The signal decomposer 400 in FIG. 4 achieves bandwidth reduction by combining ERR with filtering of the signals leading to the power supply port of the PA 310. Bandwidth reduction can be also achieved by combining ERR with filtering of the signals leading to the RF input port of the PA 310. This second approach, which is illustrated in FIG. 6, may be used as an alternative to, or in combination with, the approach in FIG. 4. The signal decomposer 600 comprises a CORDIC converter 602, a threshold detector 604, a filter 606, a first signal combiner 608, and a second signal combiner 610. Similar to the signal decomposer 400 in FIG. 4, the CORDIC converter 602 in the signal decomposer 600 in FIG. 6 operates to convert the digital I and Q signals to the polar-coordinate digital amplitude and phase component signals Am(t) and Pm(t) and the threshold detector 604 operates to separate amplitude information from the amplitude component signal Am(t) that exceeds a predetermined amplitude threshold. However, instead of being configured to operate on amplitude information that exceeds the amplitude threshold (as in the approach described in FIG. 4), the filter 606 is configured to operate on amplitude information falling below the amplitude threshold. The filter 606 may comprise a digital FIR filter configured to filter the amplitude information at all times, or, may be configured to filter the amplitude information only during sharp transitions, similar to as the filter 406 employed in the signal decomposer 400 in FIG. 4. The first signal combiner 608 derives what the amplitude of the first modulation signal X(t) should be from the reduced-amplitude information represented in the signal at the output of the filter 606, and forms the first modulation signal X(t) using the derived reduced-amplitude information and the amplitude information represented in the original amplitude component signal Am(t). The second signal combiner 610 derives what the amplitude of the second modulation signal Y(t) should be from the reduced-amplitude information represented in the signal at the output of the filter 606, and forms the second digital modulation signal Y(t) by combining the derived reduced-amplitude information with the phase modulation information represented in the phase component signal Pm(t).

The signal decomposition and filtering methods and apparatus described in the exemplary embodiments above employ digital processing techniques. Signal decomposition may be alternatively performed using analog processing techniques, either at baseband or at RF. FIG. 7 illustrates, for example, a multi-mode communications transmitter 700 that is configured to perform signal decomposition using analog techniques at RF. The multi-mode communications transmitter 700 comprises a baseband-to-RF converter, a signal decomposer 704, a power supply controller 706, and a PA 708. The baseband-to-RF converter 702 operates to upconvert the modulation in received I and Q signals onto an RF carrier. The signal decomposer 704 receives the modulated RF carrier signal and decomposes it to form the first modulation signal X(t) and the modulated RF signal Rf(t). The signal decomposition method is similar to the signal decomposition method described above, except that it is performed at RF rather than at digital baseband.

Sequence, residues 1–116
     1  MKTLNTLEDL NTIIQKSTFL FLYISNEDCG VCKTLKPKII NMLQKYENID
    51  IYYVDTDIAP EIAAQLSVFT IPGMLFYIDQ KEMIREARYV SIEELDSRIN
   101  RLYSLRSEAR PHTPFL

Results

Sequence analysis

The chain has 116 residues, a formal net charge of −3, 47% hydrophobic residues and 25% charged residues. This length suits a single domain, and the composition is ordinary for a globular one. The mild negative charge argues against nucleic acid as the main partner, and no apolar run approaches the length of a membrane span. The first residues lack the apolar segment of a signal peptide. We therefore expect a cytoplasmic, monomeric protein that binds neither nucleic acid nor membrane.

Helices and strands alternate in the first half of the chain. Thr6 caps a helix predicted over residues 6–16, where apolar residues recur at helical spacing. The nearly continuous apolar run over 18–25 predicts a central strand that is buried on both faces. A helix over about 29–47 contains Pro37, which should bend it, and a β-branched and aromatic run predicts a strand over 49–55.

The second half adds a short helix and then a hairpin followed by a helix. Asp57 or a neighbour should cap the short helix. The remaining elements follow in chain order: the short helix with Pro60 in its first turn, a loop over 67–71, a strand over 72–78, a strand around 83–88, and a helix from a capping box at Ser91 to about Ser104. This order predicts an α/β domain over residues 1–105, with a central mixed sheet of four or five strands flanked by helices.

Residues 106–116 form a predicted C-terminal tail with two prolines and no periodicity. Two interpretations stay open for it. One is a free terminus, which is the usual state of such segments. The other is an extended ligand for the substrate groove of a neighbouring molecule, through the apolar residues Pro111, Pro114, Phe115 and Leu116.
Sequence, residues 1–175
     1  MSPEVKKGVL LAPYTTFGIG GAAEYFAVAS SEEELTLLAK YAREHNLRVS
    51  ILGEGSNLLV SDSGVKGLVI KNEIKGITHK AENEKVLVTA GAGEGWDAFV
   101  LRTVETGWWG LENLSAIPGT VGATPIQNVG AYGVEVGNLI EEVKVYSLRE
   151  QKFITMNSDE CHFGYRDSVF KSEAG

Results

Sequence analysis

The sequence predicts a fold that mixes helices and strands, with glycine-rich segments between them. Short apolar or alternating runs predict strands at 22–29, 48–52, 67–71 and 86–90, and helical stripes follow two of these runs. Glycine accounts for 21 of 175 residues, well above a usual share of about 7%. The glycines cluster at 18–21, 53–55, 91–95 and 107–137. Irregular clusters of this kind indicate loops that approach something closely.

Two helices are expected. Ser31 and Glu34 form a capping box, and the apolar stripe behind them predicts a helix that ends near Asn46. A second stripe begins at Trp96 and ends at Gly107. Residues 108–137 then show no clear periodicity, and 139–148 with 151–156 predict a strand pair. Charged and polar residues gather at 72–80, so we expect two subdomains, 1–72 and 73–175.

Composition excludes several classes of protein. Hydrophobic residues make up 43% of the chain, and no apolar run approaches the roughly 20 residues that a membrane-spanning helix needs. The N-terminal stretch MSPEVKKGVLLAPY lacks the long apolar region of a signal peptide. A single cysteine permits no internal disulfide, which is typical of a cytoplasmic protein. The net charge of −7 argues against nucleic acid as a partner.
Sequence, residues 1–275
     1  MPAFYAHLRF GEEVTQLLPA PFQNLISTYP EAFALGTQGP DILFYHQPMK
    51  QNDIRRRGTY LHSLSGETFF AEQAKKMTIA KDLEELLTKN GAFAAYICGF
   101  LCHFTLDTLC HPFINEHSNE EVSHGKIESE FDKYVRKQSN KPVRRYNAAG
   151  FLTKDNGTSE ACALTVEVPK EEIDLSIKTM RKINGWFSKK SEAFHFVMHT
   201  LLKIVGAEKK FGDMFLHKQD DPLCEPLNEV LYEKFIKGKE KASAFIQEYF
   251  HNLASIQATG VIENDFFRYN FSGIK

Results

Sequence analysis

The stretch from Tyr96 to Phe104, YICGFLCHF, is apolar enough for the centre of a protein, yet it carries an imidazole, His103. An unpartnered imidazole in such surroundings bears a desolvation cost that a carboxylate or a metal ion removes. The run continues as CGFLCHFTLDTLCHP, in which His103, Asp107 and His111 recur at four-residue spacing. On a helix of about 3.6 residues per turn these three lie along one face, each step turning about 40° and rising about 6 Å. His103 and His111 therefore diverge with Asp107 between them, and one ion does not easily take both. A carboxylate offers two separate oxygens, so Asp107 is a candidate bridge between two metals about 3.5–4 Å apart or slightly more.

FIGS. 8A and 8B are simulation diagrams demonstrating how including the signal decomposition methods and apparatus of the present invention reduces the bandwidths of the power supply signal Supply(t) and modulated RF signal Rf(t) signals beyond that which is possible using ERR alone. Specifically, FIG. 8A provides a timing diagram of the magnitude of the power supply signal “Err(Supply)” and the magnitude of the modulated RF signal “Err(Rf(t))” generated in a system employing only ERR. FIG. 8B provides a timing diagram of the magnitude of the power supply signal “Err+Fil(Supply)” and the magnitude of the modulated RF signal “Err+Fil(Rf(t))” generated in a system employing both ERR and filtering. Comparing the two figures shows that combining ERR with filtering smoothes out the sharp transitions in both the power supply signal Supply(t) and the modulated RF signal Rf(t) signal occurring between the 3.04 and 3.0405 and 3.0415 and 3.042 time divisions. Filtering the sharp transitions removes high-frequency content from the signals, thereby significantly lowering the bandwidths of the signals applied to the power supply port and RF input port of the PA 310.

The reduction in signal bandwidths is more directly illustrated in FIG. 9, which is a graph comparing power spectral density (PSD) simulations of signals applied to the power supply port and RF input port of the PA 310 for: 1) a conventional EER type of communications transmitter (curves labeled “Eer”), 2) a communications transmitter employing ERR only (curves labeled “Err”), and 3) a communications transmitter combining ERR with filtering using one of the signal decomposition methods of the present invention described above (curves labeled Err+Fil). As can be seen, the signal bandwidths of the signals applied to both the power supply port and RF input port of the PA 310 in the ERR system are both lower than the signal bandwidths of signals applied to the PA 310 when a conventional EER approach is used. Further bandwidth reduction is seen to be achieved by combining ERR with filtering.

Compared to communications transmitters that operate on EER or ERR-only principles, the combined ERR+filtering approach employed by the signal decomposition methods and apparatus of the present invention results in a communications transmitter that is more forgiving to delay and gain mismatches between separate modulation paths leading to the PA 310. This advantage is illustrated in the PSD simulation results in FIGS. 10 and 11, which compare the output power of the PA of various communication transmitter approaches configured to transmit W-CDMA signals. In the figures, the effects on the PSD due to a 20% gain mismatch (FIG. 10) and a 5.6 ns delay mismatch (FIG. 11) between signals applied to the power supply and RF input ports of the PA are compared for: 1) a conventional EER-based approach (“Eer”), 2) an ERR-only approach (“Err”), 3) an ERR approach combined with filtering transitions only (“Err+Fil(trn)”) (as in FIG. 5 above), and 4) an ERR approach combined with filtering at all times (“Err+Fil”). As can be seen, when using either of the Err+Fil(trn) or Err+Fil approaches of the present invention, the PA output power is substantially lower for frequency deviations above about 10 MHz from the channel center frequency (normalized to 0 MHz in the drawing) compared to when the Err-only approach (“Err”) is used. Considering that W-CDMA utilizes a 5 MHz channel spacing, a substantial reduction in spectral regrowth can be achieved in W-CDMA applications by using either of the Err+Fil(trn) or Err+Fil approaches.

Although the present invention has been described with reference to specific embodiments, these embodiments are merely illustrative and not restrictive of the present invention. Further, various modifications or changes to the specifically disclosed exemplary embodiments will be suggested to persons skilled in the art and are to be included within the spirit and purview of this application and scope of the appended claims.

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Classifications
U.S. Classification455/102
International ClassificationH04B1/66
Cooperative ClassificationH04B1/66
European ClassificationH04B1/66
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Owner name: MATSUSHITA ELECTRIC INDUSTRIAL CO.,JAPAN
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Owner name: MATSUSHITA ELECTRIC INDUSTRIAL CO., JAPAN